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Field Demonstration of Electro-Scan Defect Location Technology for Condition Assessment of Wastewater Collection Systems
Feeney, C., C. Wilmut, K. Martel, F. LAI, AND A. SELVAKUMAR. Field Demonstration of Electro-Scan Defect Location Technology for Condition Assessment of Wastewater Collection Systems. Presented at WEF Collection System Specialty Conference, Raleigh, NC, June 12 - 15, 2011.
The purpose of the field demonstration program is to gather technically reliable cost and performance information on selected condition assessment technologies under defined field conditions. The selected technologies include zoom camera, electro-scan (FELL-41), and a multi-sensor platform that includes laser, sonar and digital scanning. The field demonstration will be conducted in Kansas City, MO, in areas of the collection system with known operational issues due to root intrusion and inflow/infiltration (I/I). The project is part of a USEPA research program “Innovation and Research for Water Infrastructure for the 21st Century.” The program is being implemented by the USEPA Office of Research and Development to generate science and engineering knowledge to help utilities reduce the cost and improve the effectiveness of operation, maintenance, and replacement of aging drinking water and wastewater treatment and conveyance systems. This paper will highlight field demonstration results for the electro-scan (FELL-41) technology. Electro-scan (FELL-41) uses the variation of current flow through the pipe wall to identify pipe defects that are potential leaks; standard practice is outlined in the ASTM standard F2550-06. It can be used in non-conductive (i.e. non-ferrous) sanitary sewer mains, gravity lines, and service laterals. The field demonstration will be performed in an area with small diameter (8-in. and 12-in.) vitrified clay pipe and limited sections of PVC pipe. This technology requires the pipe in the region of the probe to be fully surcharged to test its full circumference (360°). For 8-in. to 12-in. lines, the most efficient approach is to use a sliding pipe plug in conjunction with a jet truck. Technology performance will be measured in terms of versatility, accuracy, repeatability, and inspection time/production rate. The evaluation of the total cost includes factors such as traffic control, cleaning requirements, labor, equipment, and disruption of service. Results will be compared to a baseline condition assessment completed using traditional in-line CCTV inspection. Existing flow conditions are often an important and challenging aspect of the inspection process. High flow conditions and high water velocity present difficult operating conditions. Low flow conditions require supplemental flow from fire hydrants or other sources. Benefits of Project: Findings from the field demonstration will be used as a basis for developing practical guidance to help utilities develop and implement condition assessment programs. Electro-scan (FELL-41) technology can be used to estimate the magnitude and location of potential leaks along a pipeline, helping utilities better understand and control sources of infiltration. Pipe defects are coded automatically by the accompanying software. Electro-scan (FELL-41) technology directly measures leak potential, independent of external conditions that are temporal in nature (e.g., seasonal, wet weather). Its use of direct measurements provides a quantitative analysis of leak potential without relying on visual observation. Status of Completion: The field demonstration is expected to be done by August 2010. Data analysis and the final report will be completed by the end of the year. Conclusion: The conclusions of the paper will be developed following the field demonstration program.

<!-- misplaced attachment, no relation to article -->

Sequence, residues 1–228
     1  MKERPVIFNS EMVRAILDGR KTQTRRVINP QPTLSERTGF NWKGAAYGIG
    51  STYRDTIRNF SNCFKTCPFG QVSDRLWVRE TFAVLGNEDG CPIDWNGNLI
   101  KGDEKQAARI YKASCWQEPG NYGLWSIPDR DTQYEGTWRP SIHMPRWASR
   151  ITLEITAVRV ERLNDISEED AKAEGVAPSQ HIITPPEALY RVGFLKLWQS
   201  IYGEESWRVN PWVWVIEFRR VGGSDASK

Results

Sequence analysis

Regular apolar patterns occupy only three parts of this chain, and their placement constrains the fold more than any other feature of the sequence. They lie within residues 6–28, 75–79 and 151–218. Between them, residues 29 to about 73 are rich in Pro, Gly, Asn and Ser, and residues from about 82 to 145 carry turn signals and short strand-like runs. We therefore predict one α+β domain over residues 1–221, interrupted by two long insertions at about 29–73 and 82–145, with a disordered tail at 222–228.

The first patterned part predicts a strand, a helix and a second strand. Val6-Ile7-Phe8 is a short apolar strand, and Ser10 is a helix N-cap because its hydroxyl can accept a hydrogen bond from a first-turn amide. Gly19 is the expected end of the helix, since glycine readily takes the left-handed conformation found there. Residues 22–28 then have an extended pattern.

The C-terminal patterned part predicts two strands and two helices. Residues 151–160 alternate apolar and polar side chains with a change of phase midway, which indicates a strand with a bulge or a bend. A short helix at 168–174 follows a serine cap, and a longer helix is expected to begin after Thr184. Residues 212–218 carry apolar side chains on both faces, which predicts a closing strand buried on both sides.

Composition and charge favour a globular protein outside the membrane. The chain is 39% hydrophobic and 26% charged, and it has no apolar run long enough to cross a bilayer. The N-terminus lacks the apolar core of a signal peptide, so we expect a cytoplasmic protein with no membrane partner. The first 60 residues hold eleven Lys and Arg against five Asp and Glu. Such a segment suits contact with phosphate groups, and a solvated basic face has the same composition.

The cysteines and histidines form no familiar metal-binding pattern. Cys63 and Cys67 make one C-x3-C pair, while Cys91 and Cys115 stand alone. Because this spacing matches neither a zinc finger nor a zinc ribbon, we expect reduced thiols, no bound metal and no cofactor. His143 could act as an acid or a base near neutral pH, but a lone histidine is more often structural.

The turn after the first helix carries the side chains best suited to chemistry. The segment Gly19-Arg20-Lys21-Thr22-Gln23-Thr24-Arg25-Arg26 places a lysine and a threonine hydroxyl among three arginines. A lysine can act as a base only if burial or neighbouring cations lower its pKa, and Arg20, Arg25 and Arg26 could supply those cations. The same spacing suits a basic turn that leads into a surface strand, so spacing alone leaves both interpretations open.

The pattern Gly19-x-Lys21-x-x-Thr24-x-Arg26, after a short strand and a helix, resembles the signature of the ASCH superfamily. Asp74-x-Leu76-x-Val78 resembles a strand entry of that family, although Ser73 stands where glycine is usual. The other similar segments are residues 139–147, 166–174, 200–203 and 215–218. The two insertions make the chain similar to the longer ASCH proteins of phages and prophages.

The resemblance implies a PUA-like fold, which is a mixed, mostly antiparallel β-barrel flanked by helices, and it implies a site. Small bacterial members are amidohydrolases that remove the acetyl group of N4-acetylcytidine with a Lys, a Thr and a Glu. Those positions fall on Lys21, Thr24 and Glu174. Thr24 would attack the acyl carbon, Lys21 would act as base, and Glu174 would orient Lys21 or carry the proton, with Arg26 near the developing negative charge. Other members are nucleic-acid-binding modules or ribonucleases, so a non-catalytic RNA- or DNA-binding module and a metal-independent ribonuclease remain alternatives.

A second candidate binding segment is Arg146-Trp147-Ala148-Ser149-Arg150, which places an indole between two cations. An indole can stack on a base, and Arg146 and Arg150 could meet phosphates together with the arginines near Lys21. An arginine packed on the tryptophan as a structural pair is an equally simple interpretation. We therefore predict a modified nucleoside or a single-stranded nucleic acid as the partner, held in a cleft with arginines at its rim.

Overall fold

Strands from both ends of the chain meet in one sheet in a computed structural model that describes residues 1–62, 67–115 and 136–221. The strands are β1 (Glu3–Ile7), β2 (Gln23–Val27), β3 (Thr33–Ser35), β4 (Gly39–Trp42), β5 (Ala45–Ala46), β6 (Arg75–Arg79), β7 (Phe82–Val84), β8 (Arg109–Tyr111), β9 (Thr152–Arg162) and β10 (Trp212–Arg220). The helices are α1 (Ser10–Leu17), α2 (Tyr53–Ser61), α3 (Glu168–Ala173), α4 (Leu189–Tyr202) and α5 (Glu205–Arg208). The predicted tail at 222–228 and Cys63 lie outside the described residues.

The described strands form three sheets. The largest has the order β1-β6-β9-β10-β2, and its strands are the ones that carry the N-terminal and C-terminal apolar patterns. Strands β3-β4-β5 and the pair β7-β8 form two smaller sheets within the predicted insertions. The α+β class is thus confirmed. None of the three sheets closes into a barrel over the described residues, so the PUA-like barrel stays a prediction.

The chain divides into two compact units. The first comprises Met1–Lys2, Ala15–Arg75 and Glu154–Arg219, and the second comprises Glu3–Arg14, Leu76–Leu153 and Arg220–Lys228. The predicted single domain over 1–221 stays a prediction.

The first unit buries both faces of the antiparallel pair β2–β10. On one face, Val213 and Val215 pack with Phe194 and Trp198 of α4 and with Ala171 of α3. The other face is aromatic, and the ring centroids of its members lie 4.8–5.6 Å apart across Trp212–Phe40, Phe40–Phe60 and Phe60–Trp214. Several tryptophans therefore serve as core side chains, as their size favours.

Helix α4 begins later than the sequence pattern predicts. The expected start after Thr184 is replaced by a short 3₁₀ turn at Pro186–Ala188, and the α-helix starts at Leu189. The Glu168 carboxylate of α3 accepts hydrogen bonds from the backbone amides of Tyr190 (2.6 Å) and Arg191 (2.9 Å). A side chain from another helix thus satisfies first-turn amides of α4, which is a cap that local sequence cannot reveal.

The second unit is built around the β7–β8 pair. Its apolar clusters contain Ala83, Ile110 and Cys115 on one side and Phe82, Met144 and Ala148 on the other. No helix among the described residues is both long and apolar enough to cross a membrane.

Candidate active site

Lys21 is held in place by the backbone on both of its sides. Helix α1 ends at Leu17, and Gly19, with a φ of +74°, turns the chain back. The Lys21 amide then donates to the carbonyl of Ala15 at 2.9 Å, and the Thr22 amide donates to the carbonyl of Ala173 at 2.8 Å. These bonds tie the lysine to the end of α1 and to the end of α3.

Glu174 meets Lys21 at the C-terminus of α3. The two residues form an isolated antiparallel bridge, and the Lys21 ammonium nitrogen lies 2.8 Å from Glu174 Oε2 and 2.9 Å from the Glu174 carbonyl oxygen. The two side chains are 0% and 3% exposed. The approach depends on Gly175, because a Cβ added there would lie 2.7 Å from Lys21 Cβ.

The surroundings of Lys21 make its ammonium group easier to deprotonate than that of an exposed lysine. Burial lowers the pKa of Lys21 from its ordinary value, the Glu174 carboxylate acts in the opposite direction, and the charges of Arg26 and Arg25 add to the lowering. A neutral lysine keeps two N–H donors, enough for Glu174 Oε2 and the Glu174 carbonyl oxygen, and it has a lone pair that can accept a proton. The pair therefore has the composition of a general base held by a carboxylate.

To inform the public.
Record Details:Record Type: DOCUMENT (PRESENTATION/ABSTRACT)
Organization:U.S. ENVIRONMENTAL PROTECTION AGENCY
OFFICE OF RESEARCH AND DEVELOPMENT
NATIONAL RISK MANAGEMENT RESEARCH LABORATORY
WATER SUPPLY AND WATER RESOURCES DIVISION
URBAN WATERSHED MANAGEMENT BRANCH